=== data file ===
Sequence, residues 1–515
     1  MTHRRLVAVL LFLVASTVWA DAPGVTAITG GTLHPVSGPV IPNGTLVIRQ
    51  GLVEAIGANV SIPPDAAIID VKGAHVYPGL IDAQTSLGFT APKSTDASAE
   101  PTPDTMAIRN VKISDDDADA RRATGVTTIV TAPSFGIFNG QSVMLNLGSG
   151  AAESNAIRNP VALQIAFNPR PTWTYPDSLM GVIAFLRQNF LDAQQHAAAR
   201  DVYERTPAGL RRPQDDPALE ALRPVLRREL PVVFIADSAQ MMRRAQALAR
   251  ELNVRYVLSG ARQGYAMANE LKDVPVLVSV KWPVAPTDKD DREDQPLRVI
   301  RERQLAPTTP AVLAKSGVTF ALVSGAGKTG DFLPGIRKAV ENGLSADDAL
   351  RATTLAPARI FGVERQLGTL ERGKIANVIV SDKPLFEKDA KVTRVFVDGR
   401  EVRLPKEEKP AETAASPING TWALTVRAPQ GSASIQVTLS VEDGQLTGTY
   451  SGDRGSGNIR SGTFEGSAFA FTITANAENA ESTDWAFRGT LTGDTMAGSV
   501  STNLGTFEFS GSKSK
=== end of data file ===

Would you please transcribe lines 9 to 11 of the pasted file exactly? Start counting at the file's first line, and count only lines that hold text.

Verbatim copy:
   351  RATTLAPARI FGVERQLGTL ERGKIANVIV SDKPLFEKDA KVTRVFVDGR
   401  EVRLPKEEKP AETAASPING TWALTVRAPQ GSASIQVTLS VEDGQLTGTY
   451  SGDRGSGNIR SGTFEGSAFA FTITANAENA ESTDWAFRGT LTGDTMAGSV